• An asteroid that shares orbital space with Jupiter but goes around the sun in the opposite direction came from outside our solar system.
• Meet Paolo Borrometi, one of nearly 200 Italian journalists who live under police protection because their reporting angered the mafia. “That doesn’t happen in other countries,” a press freedom advocate says.
Sherlock Holmes is “the most famous fictional character of the past two centuries, rivaled only by Dracula and James Bond,” a reviewer for The Times once argued.
Even so, his creator, Sir Arthur Conan Doyle, above, couldn’t wait to kill him off. Doyle was born in Edinburgh on this day in 1859.
Although Doyle wrote four novels and 56 short stories featuring the great detective and his companion, Dr. John Watson, by 1893 he had become bored of his creation.
In “The Final Problem,” Doyle sent his protagonist plunging over the Reichenbach Falls with his archnemesis, Professor James Moriarty, seemingly to their deaths. (More than 20,000 outraged readers canceled their subscriptions to The Strand Magazine when the story was published.)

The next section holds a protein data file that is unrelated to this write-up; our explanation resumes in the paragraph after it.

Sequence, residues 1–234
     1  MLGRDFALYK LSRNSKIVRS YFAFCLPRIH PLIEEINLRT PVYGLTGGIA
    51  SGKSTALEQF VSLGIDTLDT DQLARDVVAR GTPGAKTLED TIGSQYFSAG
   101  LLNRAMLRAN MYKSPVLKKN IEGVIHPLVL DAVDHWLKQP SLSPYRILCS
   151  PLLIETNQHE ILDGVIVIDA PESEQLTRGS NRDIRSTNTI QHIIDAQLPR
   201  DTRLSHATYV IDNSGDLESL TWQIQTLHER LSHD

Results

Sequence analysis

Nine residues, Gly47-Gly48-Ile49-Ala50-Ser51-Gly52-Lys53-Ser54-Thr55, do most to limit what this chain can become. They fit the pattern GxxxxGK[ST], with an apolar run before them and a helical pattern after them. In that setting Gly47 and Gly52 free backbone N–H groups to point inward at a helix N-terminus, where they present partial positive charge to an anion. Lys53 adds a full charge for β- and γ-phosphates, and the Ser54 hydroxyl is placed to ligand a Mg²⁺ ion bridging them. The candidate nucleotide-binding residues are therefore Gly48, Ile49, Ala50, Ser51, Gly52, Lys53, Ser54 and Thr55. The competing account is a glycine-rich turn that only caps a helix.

Doyle later said of Holmes, “I have had such an overdose of him that I feel towards him as I do towards pâté de foie gras, of which I once ate too much.”
Although he eventually resurrected Holmes, Doyle also had time for pursuits worthy even of his eccentric sleuth: He helped popularize skiing, tried his hand unsuccessfully at politics and was knighted for his report on the Boer War.
He also had a deep interest in the supernatural and helped popularize a famous hoax of the early 20th century: a series of photographs of garden fairies.
Charles McDermid wrote today’s Back Story.